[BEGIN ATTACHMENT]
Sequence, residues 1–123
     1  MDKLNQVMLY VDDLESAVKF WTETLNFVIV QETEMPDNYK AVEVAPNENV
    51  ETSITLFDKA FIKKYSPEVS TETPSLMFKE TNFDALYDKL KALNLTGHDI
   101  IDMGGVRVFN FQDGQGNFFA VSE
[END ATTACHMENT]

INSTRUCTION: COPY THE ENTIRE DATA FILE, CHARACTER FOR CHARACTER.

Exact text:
Sequence, residues 1–123
     1  MDKLNQVMLY VDDLESAVKF WTETLNFVIV QETEMPDNYK AVEVAPNENV
    51  ETSITLFDKA FIKKYSPEVS TETPSLMFKE TNFDALYDKL KALNLTGHDI
   101  IDMGGVRVFN FQDGQGNFFA VSE